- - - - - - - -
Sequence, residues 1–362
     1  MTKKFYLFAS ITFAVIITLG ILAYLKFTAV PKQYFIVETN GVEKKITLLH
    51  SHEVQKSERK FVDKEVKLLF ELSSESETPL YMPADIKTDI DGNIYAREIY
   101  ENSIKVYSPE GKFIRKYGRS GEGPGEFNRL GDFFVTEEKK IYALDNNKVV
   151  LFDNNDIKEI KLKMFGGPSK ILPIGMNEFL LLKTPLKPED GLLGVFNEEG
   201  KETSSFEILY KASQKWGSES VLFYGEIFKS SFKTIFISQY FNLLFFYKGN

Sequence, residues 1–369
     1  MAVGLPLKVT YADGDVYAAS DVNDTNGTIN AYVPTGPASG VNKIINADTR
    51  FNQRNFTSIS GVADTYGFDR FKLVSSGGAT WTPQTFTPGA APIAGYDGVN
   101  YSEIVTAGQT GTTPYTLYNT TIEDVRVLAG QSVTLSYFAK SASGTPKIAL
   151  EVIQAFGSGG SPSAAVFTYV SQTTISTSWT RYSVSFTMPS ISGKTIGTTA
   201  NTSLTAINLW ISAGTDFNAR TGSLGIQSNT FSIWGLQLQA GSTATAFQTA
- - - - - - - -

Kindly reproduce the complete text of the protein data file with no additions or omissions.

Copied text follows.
Sequence, residues 1–362
     1  MTKKFYLFAS ITFAVIITLG ILAYLKFTAV PKQYFIVETN GVEKKITLLH
    51  SHEVQKSERK FVDKEVKLLF ELSSESETPL YMPADIKTDI DGNIYAREIY
   101  ENSIKVYSPE GKFIRKYGRS GEGPGEFNRL GDFFVTEEKK IYALDNNKVV
   151  LFDNNDIKEI KLKMFGGPSK ILPIGMNEFL LLKTPLKPED GLLGVFNEEG
   201  KETSSFEILY KASQKWGSES VLFYGEIFKS SFKTIFISQY FNLLFFYKGN

Sequence, residues 1–369
     1  MAVGLPLKVT YADGDVYAAS DVNDTNGTIN AYVPTGPASG VNKIINADTR
    51  FNQRNFTSIS GVADTYGFDR FKLVSSGGAT WTPQTFTPGA APIAGYDGVN
   101  YSEIVTAGQT GTTPYTLYNT TIEDVRVLAG QSVTLSYFAK SASGTPKIAL
   151  EVIQAFGSGG SPSAAVFTYV SQTTISTSWT RYSVSFTMPS ISGKTIGTTA
   201  NTSLTAINLW ISAGTDFNAR TGSLGIQSNT FSIWGLQLQA GSTATAFQTA